[Paleopsych] Commentary: Book Review: Jared Diamond: Scorched Earth Collapse

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Tue May 3 22:14:52 UTC 2005

Book Review: Jared Diamond: Scorched Earth Collapse: How Societies Choose to 
Fail or Succeed


Viking. 575 pp. $29.95
Reviewed by Kevin Shapiro

    When the ancient Greeks happened upon ruins whose origins they could
    not fathom, they called them "Hebrews' castles"--a nod to the Hebrew
    Bible as the oldest available source of recorded history. In reality,
    the sites belonged not to the Hebrews but to earlier Aegean societies
    like the Myceneans and the Minoans. Regional powers in their day,
    those societies had disappeared, leaving the Greeks to wonder about
    their fate. Were they conquered or enslaved, stricken by plague or by
    famine, by earthquake or by flood?

    Even today, the desolate places of the world are littered with
    "Hebrews' castles." We gaze in wonder at, among others, the Anasazi
    pueblos of the American Southwest (Anasazi being the Navajo word for
    "the ancients"), the monumental statues of Easter Island, and the
    grand cities of the Maya entombed in the YucatE1n jungle. Aided by the
    tools of modern archaeology, from the analysis of midden heaps and
    pollen grains to radiocarbon dating and even more sophisticated
    physical methods, we often are able to know a good deal about the
    people responsible for these artifacts. In some cases, like that of
    the long-deserted Viking settlement in Greenland, detailed written
    records exist alongside the stone shells of churches, barns, and great

    But none of the records, written or material, speaks directly of the
    final moments of their authors. We are left, like the Greeks, to
    puzzle over the reasons these castles were abandoned, what became of
    their erstwhile inhabitants--and whether a similar fate might one day
    befall us.

    This puzzle is Jared Diamond's subject in Collapse: How Societies
    Choose to Fail or Succeed. In his best-known previous book, Guns,
    Germs, and Steel (1997), Diamond--a physiologist by training and a
    professor of geography at UCLA--sought to explain why the peoples of
    Europe succeeded in outpacing all others in technology and
    exploration, leaving their mark on the entire modern world. In
    Collapse, he turns his attention to the opposite extreme: societies
    that appear to have experienced spectacular crashes. His thesis is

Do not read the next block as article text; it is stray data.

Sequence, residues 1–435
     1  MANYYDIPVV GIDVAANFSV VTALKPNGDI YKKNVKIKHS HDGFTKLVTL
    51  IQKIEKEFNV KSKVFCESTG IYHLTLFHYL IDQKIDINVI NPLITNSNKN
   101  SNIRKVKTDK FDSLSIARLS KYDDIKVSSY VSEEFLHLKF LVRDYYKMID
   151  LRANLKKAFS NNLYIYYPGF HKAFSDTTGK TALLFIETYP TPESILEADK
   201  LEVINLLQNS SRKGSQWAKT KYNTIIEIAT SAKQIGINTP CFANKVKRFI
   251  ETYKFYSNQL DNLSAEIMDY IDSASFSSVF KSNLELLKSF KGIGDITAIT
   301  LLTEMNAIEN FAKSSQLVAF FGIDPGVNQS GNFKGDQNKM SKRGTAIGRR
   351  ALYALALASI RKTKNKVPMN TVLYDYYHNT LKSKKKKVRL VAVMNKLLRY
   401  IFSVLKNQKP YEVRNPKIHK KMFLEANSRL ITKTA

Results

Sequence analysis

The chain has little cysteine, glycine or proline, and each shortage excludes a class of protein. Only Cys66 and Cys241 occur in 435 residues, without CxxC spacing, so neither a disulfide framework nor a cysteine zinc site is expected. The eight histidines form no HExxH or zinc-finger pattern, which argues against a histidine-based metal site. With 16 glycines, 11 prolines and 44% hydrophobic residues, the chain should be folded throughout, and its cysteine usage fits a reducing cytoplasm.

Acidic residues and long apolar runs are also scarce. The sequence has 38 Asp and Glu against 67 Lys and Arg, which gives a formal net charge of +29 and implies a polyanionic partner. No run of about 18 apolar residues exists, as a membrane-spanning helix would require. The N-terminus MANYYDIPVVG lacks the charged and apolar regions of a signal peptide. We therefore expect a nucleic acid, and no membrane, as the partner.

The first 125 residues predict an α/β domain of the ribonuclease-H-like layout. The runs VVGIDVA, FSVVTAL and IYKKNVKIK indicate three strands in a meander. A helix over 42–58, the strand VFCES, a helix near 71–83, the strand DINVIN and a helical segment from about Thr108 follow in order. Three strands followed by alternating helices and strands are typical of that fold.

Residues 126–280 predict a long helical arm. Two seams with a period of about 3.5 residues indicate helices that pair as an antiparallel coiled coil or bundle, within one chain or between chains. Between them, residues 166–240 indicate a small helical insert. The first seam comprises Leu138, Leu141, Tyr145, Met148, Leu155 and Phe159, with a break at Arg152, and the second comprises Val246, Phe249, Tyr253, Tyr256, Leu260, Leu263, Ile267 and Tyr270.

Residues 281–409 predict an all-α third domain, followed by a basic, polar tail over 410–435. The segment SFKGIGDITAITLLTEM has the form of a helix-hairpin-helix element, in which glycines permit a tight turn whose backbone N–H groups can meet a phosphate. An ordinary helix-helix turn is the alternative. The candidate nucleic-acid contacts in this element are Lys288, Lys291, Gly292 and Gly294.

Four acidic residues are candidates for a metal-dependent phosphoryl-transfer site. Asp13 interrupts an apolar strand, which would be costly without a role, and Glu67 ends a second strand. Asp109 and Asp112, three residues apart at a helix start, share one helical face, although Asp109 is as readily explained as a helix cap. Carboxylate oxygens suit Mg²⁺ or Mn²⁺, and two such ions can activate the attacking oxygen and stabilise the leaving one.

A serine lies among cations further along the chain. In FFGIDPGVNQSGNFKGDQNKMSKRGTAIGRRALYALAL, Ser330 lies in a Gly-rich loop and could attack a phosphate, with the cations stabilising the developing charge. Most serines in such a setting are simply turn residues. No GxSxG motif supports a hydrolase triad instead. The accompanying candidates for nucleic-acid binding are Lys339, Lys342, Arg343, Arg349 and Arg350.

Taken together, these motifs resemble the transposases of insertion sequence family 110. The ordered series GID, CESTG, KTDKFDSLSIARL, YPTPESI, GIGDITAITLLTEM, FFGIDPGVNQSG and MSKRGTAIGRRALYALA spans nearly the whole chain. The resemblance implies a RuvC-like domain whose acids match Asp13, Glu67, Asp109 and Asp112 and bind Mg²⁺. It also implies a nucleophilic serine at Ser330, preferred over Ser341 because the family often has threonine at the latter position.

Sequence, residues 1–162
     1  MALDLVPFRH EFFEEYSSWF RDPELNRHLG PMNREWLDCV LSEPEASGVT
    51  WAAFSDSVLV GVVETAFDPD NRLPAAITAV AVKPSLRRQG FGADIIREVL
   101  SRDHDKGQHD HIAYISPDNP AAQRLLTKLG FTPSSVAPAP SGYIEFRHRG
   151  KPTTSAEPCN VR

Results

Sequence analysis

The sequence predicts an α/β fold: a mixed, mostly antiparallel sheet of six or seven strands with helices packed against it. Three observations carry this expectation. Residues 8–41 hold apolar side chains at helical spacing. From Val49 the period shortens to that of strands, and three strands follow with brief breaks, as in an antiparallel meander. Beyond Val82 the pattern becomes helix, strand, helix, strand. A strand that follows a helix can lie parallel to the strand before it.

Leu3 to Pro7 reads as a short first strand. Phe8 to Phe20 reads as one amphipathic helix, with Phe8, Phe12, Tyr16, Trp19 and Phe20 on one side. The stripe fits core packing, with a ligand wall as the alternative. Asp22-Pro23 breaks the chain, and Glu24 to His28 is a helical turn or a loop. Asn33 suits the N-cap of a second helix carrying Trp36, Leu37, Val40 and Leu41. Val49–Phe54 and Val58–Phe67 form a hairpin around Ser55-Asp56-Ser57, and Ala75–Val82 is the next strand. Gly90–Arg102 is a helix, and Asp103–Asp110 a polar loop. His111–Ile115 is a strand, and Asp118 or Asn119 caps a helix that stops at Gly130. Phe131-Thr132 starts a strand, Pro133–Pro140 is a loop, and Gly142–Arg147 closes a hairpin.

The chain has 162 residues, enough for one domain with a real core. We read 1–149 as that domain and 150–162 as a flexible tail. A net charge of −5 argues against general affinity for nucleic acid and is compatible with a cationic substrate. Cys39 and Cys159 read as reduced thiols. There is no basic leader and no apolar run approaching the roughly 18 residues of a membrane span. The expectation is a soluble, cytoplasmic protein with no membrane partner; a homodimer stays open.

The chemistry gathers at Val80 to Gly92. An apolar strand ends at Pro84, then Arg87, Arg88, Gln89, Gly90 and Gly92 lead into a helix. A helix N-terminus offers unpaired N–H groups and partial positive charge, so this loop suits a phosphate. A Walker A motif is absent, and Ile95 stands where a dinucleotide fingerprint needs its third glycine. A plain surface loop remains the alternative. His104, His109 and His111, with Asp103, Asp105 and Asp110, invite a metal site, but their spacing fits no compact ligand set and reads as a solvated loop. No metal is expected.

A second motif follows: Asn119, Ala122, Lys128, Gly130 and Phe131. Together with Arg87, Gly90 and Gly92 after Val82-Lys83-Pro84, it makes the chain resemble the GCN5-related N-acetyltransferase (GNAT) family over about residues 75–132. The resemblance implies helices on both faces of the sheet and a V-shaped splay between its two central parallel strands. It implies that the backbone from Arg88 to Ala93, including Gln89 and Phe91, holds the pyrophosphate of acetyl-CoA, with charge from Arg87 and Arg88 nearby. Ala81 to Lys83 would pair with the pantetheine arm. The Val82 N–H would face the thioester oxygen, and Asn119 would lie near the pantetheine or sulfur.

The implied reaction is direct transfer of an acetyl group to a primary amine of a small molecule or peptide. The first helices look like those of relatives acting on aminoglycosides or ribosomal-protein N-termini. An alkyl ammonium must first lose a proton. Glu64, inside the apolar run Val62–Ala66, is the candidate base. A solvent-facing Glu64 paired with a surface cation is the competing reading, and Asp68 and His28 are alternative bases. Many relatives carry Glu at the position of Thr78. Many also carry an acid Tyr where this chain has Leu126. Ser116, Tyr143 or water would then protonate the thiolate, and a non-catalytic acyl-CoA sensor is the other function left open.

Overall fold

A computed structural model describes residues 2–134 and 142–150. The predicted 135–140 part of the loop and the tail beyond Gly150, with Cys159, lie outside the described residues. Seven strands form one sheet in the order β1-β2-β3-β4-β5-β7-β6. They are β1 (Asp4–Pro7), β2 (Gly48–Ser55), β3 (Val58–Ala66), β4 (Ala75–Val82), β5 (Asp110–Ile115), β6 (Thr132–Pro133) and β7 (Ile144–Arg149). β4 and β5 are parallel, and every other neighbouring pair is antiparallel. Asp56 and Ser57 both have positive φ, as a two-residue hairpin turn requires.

that collapse is a consequence of "ecocide"--environmental damage
    caused by deforestation, intensive agriculture, and the destruction of
    local flora and fauna.

    Diamond begins by considering the land and people of Montana, often
    regarded as one of the few remaining unspoiled corners of the United
    States. As he tells it, however, Montana is in fact a microcosm of
    collapse, or at least of major social change, driven by environmental
    problems. Logging and mining, the traditional pillars of the economy,
    have declined as the state has become increasingly deforested and
    polluted. Soil that once supported apple orchards is nearly gone, and
    so are the glaciers for which Montana is famous. At the same time, a
    burgeoning population in the Blackroot Valley has put a strain on the
    state's water supply and job market.

    Although environmental damage is a nearly ubiquitous corollary of
    human activity, what makes certain societies vulnerable to ecocide,
    Diamond argues, is the combination of particularly fragile ecosystems
    with particularly destructive land-use practices. Like Montana,
    societies that have collapsed in the past have been situated in areas
    marginal for agriculture, with climates unfavorable to farming and
    tree growth.

    On both Easter Island and Greenland, for example, trees grow slowly
    and topsoil is relatively poor; their former inhabitants cut down the
    available trees without realizing, apparently, that more would not
    soon grow to replace them. Similarly, the Anasazi of Chaco Canyon (in
    present-day New Mexico) prospered in wet years by employing innovative
    methods of irrigation, but they grew so numerous that they could not
    sustain their population in years of drought.

    What might such societies have done differently, and how have
    societies in similar straits managed to survive? The key, Diamond
    finds in each case, is successful adaptation to the fragility of the